There is an entire field of mathematics dedicated to the development and analysis of these approximation of derivatives. This particular technique of combining temporal forward differences with spatial backward differences is a form of the **first-order upwind method**. It’s shown to be **stable** when the fluid is moving to the right (and can be modified so the correct spatial difference is chosen based on which direction the fluid is moving) and can be shown to have **first-order accuracy**, meaning the errors that appear will be roughly the same size as and . Methods of -th order accuracy have errors proportional to and/or and higher. The upwind method, though not used much in practice due to it not being terribly accurate, is certainly useful for playing about with. After reading the rest of this post, try implementing the scheme for both right-moving and left-moving fluids, or increasing the accuracy using the second-order upwind scheme.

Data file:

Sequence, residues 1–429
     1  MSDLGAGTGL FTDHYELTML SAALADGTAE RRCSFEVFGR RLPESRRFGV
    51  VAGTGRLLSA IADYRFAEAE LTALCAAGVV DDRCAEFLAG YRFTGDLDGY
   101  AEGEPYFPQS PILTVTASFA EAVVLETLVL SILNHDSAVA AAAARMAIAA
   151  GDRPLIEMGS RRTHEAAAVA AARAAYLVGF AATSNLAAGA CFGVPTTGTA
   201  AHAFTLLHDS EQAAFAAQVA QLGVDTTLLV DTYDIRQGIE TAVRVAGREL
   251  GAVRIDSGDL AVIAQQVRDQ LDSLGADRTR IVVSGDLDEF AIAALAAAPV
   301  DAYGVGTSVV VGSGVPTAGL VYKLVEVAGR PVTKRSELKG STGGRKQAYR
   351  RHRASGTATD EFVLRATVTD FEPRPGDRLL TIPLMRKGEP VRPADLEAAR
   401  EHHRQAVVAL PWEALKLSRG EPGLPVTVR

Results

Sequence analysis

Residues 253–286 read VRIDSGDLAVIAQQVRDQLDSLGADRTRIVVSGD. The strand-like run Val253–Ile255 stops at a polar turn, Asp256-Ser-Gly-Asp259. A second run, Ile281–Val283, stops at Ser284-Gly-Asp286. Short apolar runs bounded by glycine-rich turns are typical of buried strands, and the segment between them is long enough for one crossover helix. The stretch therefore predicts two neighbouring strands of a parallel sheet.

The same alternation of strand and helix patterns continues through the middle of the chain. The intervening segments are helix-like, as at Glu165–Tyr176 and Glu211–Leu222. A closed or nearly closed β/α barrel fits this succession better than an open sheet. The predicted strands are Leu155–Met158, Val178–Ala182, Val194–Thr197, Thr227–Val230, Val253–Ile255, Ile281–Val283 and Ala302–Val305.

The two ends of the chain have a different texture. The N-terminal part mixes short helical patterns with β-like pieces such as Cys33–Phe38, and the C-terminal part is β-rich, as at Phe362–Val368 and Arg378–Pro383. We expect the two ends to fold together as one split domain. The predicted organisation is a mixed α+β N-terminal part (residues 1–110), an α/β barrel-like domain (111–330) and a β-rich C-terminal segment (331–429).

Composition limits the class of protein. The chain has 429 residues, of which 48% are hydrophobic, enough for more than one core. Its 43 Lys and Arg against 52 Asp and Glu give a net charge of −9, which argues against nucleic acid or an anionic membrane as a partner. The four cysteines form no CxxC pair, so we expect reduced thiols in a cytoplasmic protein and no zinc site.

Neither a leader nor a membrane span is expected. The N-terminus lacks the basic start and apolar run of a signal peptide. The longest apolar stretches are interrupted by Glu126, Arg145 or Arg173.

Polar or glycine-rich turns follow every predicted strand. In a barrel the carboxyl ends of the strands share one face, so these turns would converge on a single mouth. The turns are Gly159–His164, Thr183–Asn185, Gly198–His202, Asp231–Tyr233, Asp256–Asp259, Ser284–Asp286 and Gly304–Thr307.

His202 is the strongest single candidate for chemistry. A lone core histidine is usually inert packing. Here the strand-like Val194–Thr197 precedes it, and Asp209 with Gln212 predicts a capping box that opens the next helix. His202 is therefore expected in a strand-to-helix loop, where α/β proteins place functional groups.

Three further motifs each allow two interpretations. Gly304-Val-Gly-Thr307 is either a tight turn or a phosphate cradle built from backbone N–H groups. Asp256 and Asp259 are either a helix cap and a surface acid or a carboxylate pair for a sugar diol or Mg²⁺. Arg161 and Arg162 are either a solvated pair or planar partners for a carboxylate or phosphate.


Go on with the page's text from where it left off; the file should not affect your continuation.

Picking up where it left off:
Using these approximations the partial differential equation becomes a finite difference equation,

which can be rearranged to give,

So, if we know an initial state at every point , we can work out , then , and so forth. The upwind scheme is part of a family of methods called **explicit schemes**. This means the future state can be written **explicitly** in terms of current or past states . The alternative is to incorporate future states into the calculation in a more intricate way, producing an **implicit** scheme. These are usually much more stable, often more accurate, but certainly a little harder to understand and code, and can really only be used on **linear** problems. I’ll discuss implicit schemes a little more in future posts!